Alcohol Craving in Women, Not Men, More Likely to Be Linked to Depression

Marlene Busko

May 06, 2008

May 6, 2008 (Washington, DC) — Depressive symptoms in women, but not men, correlated with alcohol craving in an early retrospective study of over 300 patients who were self-referred for an alcohol addiction treatment program at the Mayo Clinic.

The study was presented in a poster at the American Psychiatric Association 161st Annual Meeting.

On admission to the treatment program, compared with the men, women also had higher depressive-symptom and alcohol-craving scores. This was true for subjects with a clinical diagnosis of alcohol dependence alone as well as those with a dual diagnosis, which was defined as alcohol dependence plus depression, bipolar disorder, or anxiety disorder.

"It appears that the women are drinking to relieve anxiety and to relieve depression, whereas the men might be drinking just to feel good, for a positive feeling," lead study author Nelli Boykoff, from the University of California, San Francisco, California, told Medscape Psychiatry.

"What we were really struck by was that when women came into the 28-day program, their depressive symptoms and cravings for alcohol were significantly higher than those of the men, and that correlation [between depression and alcohol craving] was robust," said study coauthor Mark A. Frye, MD, from the Mayo Clinic in Rochester, Minnesota.

"To our knowledge, this is one of the first studies to show that indeed women and men differ in their clinical correlates of alcoholism, and there may be some very relevant ways to target treatment based on some of these correlational data," he added.

Depressed Women Drinkers

The investigators performed a retrospective analysis of clinical data from 364 patients (135 women and 229 men) who participated in the Intensive Addiction Program, a 28-day residential treatment program, in the Mayo Clinic. Depressive symptoms were measured by the Beck Depression Inventory (BDI), and alcohol cravings were measured by the Pennsylvania Alcohol Craving Scale (PACS).

On average, the patients were aged 47.9 years and had started drinking when they were 19.7 years old. Women were drinking almost as heavily as the men — on average, as many as 10.8 drinks/day vs the men's 13.8 drinks/day. About half of the patients (53%) were daily drinkers, and 75% met the National Institute on Alcohol Abuse and Alcoholism (NIAAA) definition of hazardous user (more than 5 drinks/day for a man or more than 4 drinks/day for a woman). There were 92 subjects with alcohol-only addiction and 139 subjects with alcoholism along with depression, bipolar disorder, or anxiety disorder.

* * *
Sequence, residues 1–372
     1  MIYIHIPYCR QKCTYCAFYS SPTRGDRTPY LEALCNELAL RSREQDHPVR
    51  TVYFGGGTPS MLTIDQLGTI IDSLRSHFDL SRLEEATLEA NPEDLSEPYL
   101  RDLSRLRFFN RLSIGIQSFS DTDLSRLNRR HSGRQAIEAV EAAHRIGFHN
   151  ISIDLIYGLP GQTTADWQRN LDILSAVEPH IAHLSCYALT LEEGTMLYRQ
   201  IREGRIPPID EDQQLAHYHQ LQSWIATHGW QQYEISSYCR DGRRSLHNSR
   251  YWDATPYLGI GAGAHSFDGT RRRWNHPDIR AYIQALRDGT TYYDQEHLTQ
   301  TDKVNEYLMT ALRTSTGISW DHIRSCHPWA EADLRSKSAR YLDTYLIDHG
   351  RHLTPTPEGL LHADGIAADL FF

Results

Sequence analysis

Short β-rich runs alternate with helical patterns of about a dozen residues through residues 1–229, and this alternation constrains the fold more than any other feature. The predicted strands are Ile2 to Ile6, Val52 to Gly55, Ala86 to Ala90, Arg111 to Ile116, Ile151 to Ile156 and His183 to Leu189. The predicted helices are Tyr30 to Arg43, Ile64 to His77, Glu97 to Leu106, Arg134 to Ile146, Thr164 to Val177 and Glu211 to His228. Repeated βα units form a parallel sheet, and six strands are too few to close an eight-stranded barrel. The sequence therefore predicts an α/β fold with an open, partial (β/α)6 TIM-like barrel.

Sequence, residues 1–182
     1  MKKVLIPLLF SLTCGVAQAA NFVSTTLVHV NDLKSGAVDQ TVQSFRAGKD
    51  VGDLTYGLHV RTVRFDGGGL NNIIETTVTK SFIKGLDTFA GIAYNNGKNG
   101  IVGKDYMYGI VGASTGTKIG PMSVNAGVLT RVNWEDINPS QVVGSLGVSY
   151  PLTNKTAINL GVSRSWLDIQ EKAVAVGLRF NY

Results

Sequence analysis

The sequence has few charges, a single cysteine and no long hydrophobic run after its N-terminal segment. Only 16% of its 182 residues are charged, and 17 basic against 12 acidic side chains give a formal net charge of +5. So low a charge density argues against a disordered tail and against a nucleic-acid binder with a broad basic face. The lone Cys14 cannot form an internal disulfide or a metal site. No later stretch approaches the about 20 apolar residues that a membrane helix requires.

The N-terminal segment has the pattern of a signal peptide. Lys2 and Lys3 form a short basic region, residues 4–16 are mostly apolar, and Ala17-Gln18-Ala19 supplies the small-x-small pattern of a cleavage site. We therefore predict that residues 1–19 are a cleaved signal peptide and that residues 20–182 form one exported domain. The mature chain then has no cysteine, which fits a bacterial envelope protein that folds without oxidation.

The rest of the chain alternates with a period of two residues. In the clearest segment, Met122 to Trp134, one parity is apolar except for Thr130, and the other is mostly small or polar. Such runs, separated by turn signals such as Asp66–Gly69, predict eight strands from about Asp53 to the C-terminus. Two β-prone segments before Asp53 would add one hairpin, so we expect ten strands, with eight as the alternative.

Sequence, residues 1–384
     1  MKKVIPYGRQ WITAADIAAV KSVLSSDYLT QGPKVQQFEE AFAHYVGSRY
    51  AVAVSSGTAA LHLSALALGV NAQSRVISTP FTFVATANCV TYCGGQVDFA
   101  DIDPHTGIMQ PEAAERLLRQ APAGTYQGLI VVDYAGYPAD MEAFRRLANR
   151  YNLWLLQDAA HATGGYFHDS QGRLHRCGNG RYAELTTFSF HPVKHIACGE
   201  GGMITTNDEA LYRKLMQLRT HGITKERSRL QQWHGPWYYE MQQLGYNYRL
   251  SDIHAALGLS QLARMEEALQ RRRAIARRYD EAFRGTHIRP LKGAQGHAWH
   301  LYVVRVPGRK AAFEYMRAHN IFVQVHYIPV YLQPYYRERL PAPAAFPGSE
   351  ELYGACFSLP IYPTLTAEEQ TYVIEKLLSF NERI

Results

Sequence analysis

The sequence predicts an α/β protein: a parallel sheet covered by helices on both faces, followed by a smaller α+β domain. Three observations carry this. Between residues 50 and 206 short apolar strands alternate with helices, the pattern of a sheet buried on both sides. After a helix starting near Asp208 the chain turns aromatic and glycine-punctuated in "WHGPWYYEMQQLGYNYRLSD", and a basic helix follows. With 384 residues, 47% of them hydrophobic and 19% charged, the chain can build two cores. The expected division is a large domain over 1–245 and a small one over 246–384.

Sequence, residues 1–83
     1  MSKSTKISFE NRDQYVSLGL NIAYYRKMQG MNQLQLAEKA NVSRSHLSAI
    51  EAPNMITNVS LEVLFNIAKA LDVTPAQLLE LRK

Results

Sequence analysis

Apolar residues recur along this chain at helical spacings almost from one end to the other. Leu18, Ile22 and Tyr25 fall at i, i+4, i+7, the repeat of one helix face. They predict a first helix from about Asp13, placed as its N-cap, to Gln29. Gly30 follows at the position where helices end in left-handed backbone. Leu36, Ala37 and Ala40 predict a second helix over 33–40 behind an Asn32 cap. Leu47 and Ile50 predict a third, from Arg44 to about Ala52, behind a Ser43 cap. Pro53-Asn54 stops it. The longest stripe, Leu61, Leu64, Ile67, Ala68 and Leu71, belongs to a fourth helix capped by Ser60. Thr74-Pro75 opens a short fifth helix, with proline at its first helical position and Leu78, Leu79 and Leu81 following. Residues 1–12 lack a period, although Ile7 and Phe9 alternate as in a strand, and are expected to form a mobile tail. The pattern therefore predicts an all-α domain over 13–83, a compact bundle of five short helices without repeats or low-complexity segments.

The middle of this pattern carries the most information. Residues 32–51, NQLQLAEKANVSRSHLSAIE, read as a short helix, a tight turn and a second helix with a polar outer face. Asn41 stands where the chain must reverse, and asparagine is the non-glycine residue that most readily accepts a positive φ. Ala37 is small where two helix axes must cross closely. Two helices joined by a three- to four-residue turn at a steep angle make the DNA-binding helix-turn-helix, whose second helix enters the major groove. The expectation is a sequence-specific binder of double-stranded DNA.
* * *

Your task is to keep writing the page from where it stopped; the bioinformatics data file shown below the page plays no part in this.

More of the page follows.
On admission to the treatment program, compared with the men, the women had significantly higher depression (= < .001) and alcohol craving (P = .001) scores.

Women, but not men, had a marked correlation between their depression and craving scores. This correlation was found in women who had only alcohol dependence (r = .78; < 0.0001) and as well as in those who had both alcohol dependence and an additional Axis 1 nondrug diagnosis (r = .36; P = 0.01).

Possible Explanation: Relief Craving vs Reward Craving

Craving for alcohol is a central component of alcohol dependence and has been shown to be linked with relapse, which makes successful control of craving a key element of alcoholism treatment strategies, the group writes.

They note that craving can be divided into subtypes with different possible mechanisms — relief craving (involving glutamate), reward craving (involving dopamine, opiate), and obsessive craving (involving serotonin). Some preliminary work has suggested that naltrexone and acamprosate may be more effective for reward craving and relief craving, respectively, they observe.

"Depression seems so strongly correlated with alcohol craving in women that we definitely need to take a look at it [and at relief craving] in further studies and see whether it will affect outcome and treatment," Ms. Boykoff concluded.

Dr. Frye is a consultant for Janssen-Cilag, AstraZeneca Pharmaceuticals, Abbott Laboratories, Bristol-Myers Squibb, GlaxoSmithKline, and Otsuka Pharmaceuticals. Ms. Boycoff did not provide any financial disclosure.

American Psychiatric Association 161st Annual Meeting: New Research Young Investigators' Poster Session 1. Poster NR1-013. May 3-8, 2008.


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